The White House Intelligence Review Will Come by Year’s End

Expect Obama administration officials to punt on new NSA disclosures until that time.

National Journal
Matt Vasilogambros
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Matt Vasilogambros
Oct. 28, 2013, 10:37 a.m.

The United States is re­view­ing the way it gath­ers in­tel­li­gence. This has now be­come a tired and oft-re­peated phrase com­ing from the Obama ad­min­is­tra­tion, as dis­clos­ures con­tin­ue to re­veal the far-reach­ing ex­tent to which the U.S. spies on its al­lies.

The latest, ground­break­ing leak: the U.S. has been mon­it­or­ing Ger­man Chan­cel­lor An­gela Merkel’s cell phone for more than 10 years.

While U.S. of­fi­cials have been summoned to ex­plain them­selves to dif­fer­ent European lead­ers — Spain be­ing the latest — aides to Pres­id­ent Obama, from press sec­ret­ary Jay Car­ney to Sec­ret­ary of State John Kerry, have said there is cur­rently a re­view un­der­way to de­term­ine where the Amer­ic­an spy­ing pro­gram should go in the com­ing years.

But fi­nally, there’s a sense of when ex­actly the Obama ad­min­is­tra­tion will re­lease de­tails of this re­view: by the end of the year, ac­cord­ing to Car­ney.

Speak­ing on Monday, Car­ney was vague about the cur­rent re­view and said he would not spe­cific­ally ad­dress the latest dis­clos­ures from Ed­ward Snowden. Still, Car­ney said there’s already been pro­gress as the U.S. con­tem­plates spy­ing agree­ments with some of its al­lies, in­clud­ing Ger­many.

“Even as that work is be­ing done, some de­cisions have been made that re­flect the pres­id­ent felt de­sire to find the prop­er bal­ance,” Car­ney said at his daily press brief­ing.

There are cur­rently two re­views on­go­ing. One is with­in the White House, run out of the Na­tion­al Se­cur­ity Coun­cil, which is what Car­ney is ref­er­en­cing. The oth­er is an out­side group, con­sist­ing of mem­bers that were ap­poin­ted by Pres­id­ent Obama — in­clud­ing the former act­ing dir­ect­or of the CIA, Mike Mo­rell, and Cass Sun­stein, the hus­band of U.N. Am­bas­sad­or Sam­antha Power and former head of the White House Of­fice of In­form­a­tion and Reg­u­lat­ory Af­fairs.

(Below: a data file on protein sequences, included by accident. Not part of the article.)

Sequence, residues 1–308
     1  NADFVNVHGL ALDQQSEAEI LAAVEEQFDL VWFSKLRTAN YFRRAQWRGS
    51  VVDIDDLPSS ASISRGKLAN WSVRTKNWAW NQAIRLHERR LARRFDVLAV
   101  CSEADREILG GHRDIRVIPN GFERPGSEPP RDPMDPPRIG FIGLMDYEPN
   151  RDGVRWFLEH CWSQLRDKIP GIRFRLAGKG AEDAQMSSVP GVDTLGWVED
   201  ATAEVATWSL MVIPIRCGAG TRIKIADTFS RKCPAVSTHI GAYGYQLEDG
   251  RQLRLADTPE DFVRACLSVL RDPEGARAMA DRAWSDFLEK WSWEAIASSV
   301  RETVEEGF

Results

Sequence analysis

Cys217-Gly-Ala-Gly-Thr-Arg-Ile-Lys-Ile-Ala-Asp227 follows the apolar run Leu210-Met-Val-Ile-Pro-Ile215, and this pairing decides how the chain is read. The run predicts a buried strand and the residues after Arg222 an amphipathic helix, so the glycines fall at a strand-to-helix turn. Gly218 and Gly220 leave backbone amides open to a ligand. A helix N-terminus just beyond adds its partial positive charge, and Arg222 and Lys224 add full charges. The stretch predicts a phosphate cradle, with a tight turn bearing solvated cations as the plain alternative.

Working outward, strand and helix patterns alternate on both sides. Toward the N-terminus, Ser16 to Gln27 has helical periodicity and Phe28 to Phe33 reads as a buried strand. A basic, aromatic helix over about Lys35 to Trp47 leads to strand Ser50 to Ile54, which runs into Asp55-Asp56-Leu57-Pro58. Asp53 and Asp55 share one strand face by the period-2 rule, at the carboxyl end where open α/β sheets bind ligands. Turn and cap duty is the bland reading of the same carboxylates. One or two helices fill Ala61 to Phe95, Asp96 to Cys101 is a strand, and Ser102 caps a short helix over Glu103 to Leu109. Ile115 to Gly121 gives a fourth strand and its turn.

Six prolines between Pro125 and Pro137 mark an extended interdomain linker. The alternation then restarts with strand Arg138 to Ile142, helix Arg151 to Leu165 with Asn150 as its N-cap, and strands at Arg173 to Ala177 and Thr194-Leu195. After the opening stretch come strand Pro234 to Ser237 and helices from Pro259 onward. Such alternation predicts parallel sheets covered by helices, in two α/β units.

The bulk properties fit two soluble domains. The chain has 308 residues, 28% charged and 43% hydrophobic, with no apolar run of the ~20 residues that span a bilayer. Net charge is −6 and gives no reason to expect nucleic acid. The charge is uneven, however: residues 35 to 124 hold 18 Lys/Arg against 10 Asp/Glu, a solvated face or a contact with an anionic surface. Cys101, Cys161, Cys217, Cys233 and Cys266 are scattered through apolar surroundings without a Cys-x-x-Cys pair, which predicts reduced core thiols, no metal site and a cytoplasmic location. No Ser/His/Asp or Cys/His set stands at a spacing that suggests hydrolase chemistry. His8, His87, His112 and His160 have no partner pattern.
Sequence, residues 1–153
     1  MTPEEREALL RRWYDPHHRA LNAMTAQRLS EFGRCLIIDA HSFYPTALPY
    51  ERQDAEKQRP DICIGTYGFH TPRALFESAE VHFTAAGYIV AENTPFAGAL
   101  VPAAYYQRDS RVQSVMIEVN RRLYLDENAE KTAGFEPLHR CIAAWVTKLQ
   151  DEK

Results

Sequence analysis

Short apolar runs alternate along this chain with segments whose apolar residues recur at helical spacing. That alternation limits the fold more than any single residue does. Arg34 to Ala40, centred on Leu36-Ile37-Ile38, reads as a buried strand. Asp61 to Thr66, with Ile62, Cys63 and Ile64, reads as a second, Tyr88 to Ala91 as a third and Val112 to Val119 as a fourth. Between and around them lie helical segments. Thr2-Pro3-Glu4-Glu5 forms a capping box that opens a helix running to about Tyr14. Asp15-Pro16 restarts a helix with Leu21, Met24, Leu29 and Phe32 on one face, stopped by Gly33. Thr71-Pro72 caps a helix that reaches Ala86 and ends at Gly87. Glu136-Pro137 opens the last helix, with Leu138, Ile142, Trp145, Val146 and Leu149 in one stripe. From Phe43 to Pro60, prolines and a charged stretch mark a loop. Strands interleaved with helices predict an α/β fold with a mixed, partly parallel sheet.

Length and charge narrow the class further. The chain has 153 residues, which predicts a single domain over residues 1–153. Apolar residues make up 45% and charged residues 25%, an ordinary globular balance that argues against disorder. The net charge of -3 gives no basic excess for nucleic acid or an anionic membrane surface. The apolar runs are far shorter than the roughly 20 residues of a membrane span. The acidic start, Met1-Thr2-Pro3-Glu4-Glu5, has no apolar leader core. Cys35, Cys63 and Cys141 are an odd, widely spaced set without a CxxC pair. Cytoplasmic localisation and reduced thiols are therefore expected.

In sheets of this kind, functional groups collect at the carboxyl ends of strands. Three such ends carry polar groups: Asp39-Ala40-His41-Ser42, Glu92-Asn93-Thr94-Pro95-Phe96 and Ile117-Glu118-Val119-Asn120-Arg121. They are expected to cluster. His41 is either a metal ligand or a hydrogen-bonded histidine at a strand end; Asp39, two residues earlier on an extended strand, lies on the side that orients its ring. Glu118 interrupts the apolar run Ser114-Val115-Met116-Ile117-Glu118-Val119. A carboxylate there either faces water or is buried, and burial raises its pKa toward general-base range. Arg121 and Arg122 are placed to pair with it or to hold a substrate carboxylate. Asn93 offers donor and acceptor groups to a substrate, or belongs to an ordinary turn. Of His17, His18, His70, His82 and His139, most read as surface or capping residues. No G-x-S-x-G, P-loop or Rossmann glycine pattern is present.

White House of­fi­cials have in­sisted that Obama did not know about many of these in­tel­li­gence-gath­er­ing prac­tices, in­clud­ing the tap­ping of Merkel’s phone. While the pres­id­ent re­ceives a daily in­tel­li­gence brief­ing, former of­fi­cials have noted that the sources of the in­tel­li­gence are not nor­mally giv­en to the pres­id­ent dir­ectly, but in­stead to aides.

Still, this has launched a de­bate in Wash­ing­ton about wheth­er the team that Obama sur­rounds him­self with is be­ing forth­right enough for him to do his job prop­erly.

For the last sev­er­al weeks, as re­port­ers have houn­ded the White House for de­tails about the U.S. in­tel­li­gence pro­gram, of­fi­cials con­tin­ue to re­peat the same phrase over and over again. Here are some ex­amples:

  • Readout of Vice Pres­id­ent Joe Biden’s meet­ing with Itali­an Sen­ate Pres­id­ent Pietro Grasso on Oct. 25: “The vice pres­id­ent made clear that the ad­min­is­tra­tion is re­view­ing the way that we gath­er in­tel­li­gence to en­sure that we prop­erly bal­ance pro­tect­ing the se­cur­ity con­cerns of our cit­izens and al­lies with the pri­vacy con­cerns that all people share.”
  • Car­ney on Oct. 23: “The U.S. is re­view­ing the way that we gath­er in­tel­li­gence to en­sure that we prop­erly bal­ance the se­cur­ity con­cerns of our cit­izens and al­lies with the pri­vacy con­cerns that all people share.”
  • Readout of Obama’s call with Merkel on Oct. 23: “As the pres­id­ent has said, the United States is re­view­ing the way that we gath­er in­tel­li­gence to en­sure that we prop­erly bal­ance the se­cur­ity con­cerns of our cit­izens and al­lies with the pri­vacy con­cerns that all people share.”
  • Kerry on Oct. 21 in Par­is: “As Pres­id­ent Obama said very clearly in a re­cent speech that he gave at the United Na­tions Gen­er­al As­sembly just a few weeks ago, he said we in the United States are cur­rently re­view­ing the way that we gath­er in­tel­li­gence.”
  • Obama on Sept. 24 be­fore the United Na­tions: “And just as we re­viewed how we de­ploy our ex­traordin­ary mil­it­ary cap­ab­il­it­ies in a way that lives up to our ideals, we’ve be­gun to re­view the way that we gath­er in­tel­li­gence, so that we prop­erly bal­ance the le­git­im­ate se­cur­ity con­cerns of our cit­izens and al­lies with the pri­vacy con­cerns that all people share.”

Na­tion­al Se­cur­ity Ad­viser Susan Rice even tweeted this on Monday:

Our re­view of the way we gath­er in­tel­li­gence is rig­or­ous and on­go­ing.

— Susan Rice (@Am­bas­sad­or­Rice) Oc­to­ber 28, 2013

Now that we know the re­view will come at the end of the year, will it stop the ques­tions that bring on this tired phrase?

Ab­so­lutely not.

Journ­al­ist Glenn Gre­en­wald, who said that there are still thou­sands of U.S. in­tel­li­gence doc­u­ments that he has not pub­lished, will con­tin­ue to dis­close in­form­a­tion about NSA pro­grams. And each time that he will pub­lish de­tails about these pro­grams, journ­al­ists will press the White House to con­firm the re­ports. And each time, Car­ney will again say, “The U.S. is re­view­ing the way that we gath­er in­tel­li­gence.”

So, ex­pect this tired talk­ing point for an­oth­er two months.

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